By Cyril Tuohy
Brokers and advisors with a book of business in the voluntary benefits marketplace have their work cut out for them as the Affordable Care Act (ACA) quickly reshapes the medical coverage landscape.
Gone are the limited medical, or “mini-med” plans. They have been replaced by different types of coverage, primarily hospital indemnity plans, or “gap” or supplemental health plans.
Ginger Bates, director of research for Eastbridge Consulting, said the challenge for brokers is to position hospital indemnity plans correctly so that employers know how to fill the coverage gaps when offering health savings accounts and high-deductible plans.
“It’s not just that carriers are changing products, but about educating brokers and distributors about how to respond in the marketplace,” Bates said in an interview with InsuranceNewsNet.
She said that about half of the insurance companies in a recent Eastbridge survey offer a hospital indemnity plan on a third-party insurance exchange.
“It’s really about educating the distribution channels with the market changing and showing employers how these hospital indemnity plans are valuable,” Bates also said.
Brokers have to assess the current benefits of their employer clients: Does the employer offer a high-deductible health plan, or a traditional preferred provider organization (PPO) medical plan? Does the employer offer a health savings account and, if so, what are the out-of-pocket expenses and how high are the deductibles?
Hospital indemnity coverage as a line of business has decreased over the past few years in terms of new sales because of ACA, Bates said.
But now that the insurance industry understands what hospital indemnity coverage really needs to look like under health care reform, carriers can go forward and develop new programs or recast their existing hospital indemnity programs.
“A lot of carriers are in the process of developing viable hospital indemnity products and several carriers are in the middle of redeveloping or revamping their hospital indemnity coverage programs now that they have a clearer understanding of how health care reform is shaping up,” Bates said.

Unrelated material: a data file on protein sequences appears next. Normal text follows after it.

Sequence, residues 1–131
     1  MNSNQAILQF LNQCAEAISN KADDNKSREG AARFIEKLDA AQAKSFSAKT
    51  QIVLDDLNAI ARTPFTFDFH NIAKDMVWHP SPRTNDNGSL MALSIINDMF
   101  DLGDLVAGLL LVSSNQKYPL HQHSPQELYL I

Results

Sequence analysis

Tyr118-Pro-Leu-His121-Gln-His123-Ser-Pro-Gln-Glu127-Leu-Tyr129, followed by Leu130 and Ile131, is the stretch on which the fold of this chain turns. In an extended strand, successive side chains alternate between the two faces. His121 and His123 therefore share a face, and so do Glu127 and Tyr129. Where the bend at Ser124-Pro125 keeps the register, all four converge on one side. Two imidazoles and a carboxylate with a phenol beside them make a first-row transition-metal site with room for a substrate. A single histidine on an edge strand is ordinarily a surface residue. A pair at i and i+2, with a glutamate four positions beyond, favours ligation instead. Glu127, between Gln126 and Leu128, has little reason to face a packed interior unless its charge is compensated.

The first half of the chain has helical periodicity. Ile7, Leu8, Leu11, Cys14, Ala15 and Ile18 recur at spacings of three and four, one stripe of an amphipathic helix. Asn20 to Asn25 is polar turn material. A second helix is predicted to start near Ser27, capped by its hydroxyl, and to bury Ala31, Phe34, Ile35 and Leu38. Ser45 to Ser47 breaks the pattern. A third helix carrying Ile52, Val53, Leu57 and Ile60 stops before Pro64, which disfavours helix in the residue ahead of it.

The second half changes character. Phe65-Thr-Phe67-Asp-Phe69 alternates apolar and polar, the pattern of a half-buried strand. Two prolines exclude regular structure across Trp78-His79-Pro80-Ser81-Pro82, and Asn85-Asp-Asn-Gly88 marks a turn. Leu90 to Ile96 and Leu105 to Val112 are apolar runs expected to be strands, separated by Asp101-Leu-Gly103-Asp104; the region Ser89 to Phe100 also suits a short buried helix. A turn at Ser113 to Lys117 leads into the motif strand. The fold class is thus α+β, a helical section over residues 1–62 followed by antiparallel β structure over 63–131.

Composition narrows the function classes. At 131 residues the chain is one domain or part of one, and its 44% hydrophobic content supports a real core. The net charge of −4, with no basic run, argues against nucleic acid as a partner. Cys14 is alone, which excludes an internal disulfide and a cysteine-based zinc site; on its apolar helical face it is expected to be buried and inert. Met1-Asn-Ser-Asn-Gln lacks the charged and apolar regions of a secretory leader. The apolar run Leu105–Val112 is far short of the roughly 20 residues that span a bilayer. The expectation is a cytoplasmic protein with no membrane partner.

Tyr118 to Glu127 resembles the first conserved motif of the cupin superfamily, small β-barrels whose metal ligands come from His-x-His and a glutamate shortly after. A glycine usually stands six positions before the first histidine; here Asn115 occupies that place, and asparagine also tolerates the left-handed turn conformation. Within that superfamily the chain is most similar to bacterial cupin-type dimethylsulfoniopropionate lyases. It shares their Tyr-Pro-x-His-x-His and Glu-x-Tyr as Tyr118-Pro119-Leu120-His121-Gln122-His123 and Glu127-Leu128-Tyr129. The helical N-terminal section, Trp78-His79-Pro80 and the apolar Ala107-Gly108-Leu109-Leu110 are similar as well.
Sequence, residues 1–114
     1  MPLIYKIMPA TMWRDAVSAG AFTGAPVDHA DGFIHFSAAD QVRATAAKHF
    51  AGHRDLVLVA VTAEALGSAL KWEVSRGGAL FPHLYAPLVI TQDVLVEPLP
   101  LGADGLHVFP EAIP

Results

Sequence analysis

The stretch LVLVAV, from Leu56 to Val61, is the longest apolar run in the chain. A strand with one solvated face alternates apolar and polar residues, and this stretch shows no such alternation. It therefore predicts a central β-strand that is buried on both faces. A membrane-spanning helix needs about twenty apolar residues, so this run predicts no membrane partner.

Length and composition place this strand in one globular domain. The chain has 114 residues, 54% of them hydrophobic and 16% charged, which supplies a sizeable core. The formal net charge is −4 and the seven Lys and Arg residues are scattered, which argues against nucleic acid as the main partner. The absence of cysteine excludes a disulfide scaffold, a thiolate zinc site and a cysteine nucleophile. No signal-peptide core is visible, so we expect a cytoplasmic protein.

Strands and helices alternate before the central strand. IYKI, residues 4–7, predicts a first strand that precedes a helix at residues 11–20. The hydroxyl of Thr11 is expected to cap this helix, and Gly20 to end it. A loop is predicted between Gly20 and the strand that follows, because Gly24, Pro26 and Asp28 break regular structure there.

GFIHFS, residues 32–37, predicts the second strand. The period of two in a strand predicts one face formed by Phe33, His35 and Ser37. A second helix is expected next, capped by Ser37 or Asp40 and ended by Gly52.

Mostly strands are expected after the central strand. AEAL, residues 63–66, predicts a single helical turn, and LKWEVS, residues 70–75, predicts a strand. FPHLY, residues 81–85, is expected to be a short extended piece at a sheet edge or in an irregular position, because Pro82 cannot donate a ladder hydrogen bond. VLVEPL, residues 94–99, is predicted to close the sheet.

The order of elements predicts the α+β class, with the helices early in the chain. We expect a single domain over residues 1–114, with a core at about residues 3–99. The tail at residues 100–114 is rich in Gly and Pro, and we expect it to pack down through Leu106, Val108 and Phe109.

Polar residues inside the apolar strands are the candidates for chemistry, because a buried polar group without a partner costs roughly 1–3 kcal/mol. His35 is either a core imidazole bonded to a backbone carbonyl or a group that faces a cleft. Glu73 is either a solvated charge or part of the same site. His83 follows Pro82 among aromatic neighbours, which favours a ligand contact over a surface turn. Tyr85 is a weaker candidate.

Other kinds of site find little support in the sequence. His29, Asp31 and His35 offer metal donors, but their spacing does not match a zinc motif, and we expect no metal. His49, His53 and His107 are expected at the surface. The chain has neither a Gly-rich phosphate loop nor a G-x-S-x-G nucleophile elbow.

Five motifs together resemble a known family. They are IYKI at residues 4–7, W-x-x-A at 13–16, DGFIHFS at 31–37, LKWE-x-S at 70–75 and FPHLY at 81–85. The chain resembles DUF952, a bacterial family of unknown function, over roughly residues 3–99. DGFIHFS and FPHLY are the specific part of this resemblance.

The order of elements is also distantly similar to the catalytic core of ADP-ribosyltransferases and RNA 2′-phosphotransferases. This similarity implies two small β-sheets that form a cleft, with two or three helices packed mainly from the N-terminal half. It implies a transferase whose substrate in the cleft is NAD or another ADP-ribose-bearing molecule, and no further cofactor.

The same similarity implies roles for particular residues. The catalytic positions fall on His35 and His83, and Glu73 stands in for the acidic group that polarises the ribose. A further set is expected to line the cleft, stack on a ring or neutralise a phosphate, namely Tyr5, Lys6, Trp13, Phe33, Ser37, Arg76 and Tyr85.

She also said there’s a growth opportunity for carriers and brokers as “all the unknowns” around health care reform fade into the rearview mirror.
With an average cost of $10,000 per hospital stay in 2011 in the U.S., according to a 2013 study by the Agency for Health Care Research Quality, hospital admittance doesn’t come cheap.
Hospital indemnity coverage is designed to soften the blow by paying policyholders a set amount per day, per week or per month for hospital services.
Other products sold in the voluntary market include term and permanent life insurance, long- and short-term disability, cancer and critical illness coverage, and accident coverage.
For the moment, because of changes to the ACA, hospital indemnity coverage is undergoing some of the biggest changes in the voluntary market. Carriers offering voluntary hospital indemnity plans include Aetna, United HealthCare, Colonial, Aflac and Transamerica.
In the voluntary market, the premium is 100 percent employee-paid. The employer makes the product available through the workplace, often via the convenience of a payroll deduction, and the employee benefits from buying the coverage through a group rate.
Employers see value in participating in the voluntary market because it’s an employee retention tool. In addition, employers don’t contribute to premiums, so the coverage is cheaper for them to offer. Employees use voluntary benefits to complement their primary medical coverage and take advantage of rates that are lower than in the individual market.
All signs point to surging demand in the voluntary/worksite market. Industry experts say voluntary benefits are moving from a “nice to have” to a “must have” benefit if they want to keep up with changing employee demands.
Even nontraditional voluntary products are making their way into the options available to employees. These include auto/home insurance, identity theft insurance, discount plans, legal plans, purchasing programs and pet insurance.
The latest market data from Eastbridge’s annual U.S. Worksite/Voluntary Sales Report issued last year estimated 2013 voluntary and worksite benefits sales at $6.64 billion, an increase of 10.1 percent over 2012.
The top carriers in premium written in 2013 were Aflac, Allstate, Transamerica, Colonial and Aetna, the Eastbridge report found.
A separate estimate, the 2013 U.S. Worksite Sales Survey issued last year by LIMRA, found that new annualized premiums for voluntary benefits reached $4.3 billion, an increase of 9 percent over 2012.
InsuranceNewsNet Senior Writer Cyril Tuohy has covered the financial services industry for more than 15 years. Cyril may be reached at firstname.lastname@example.org.
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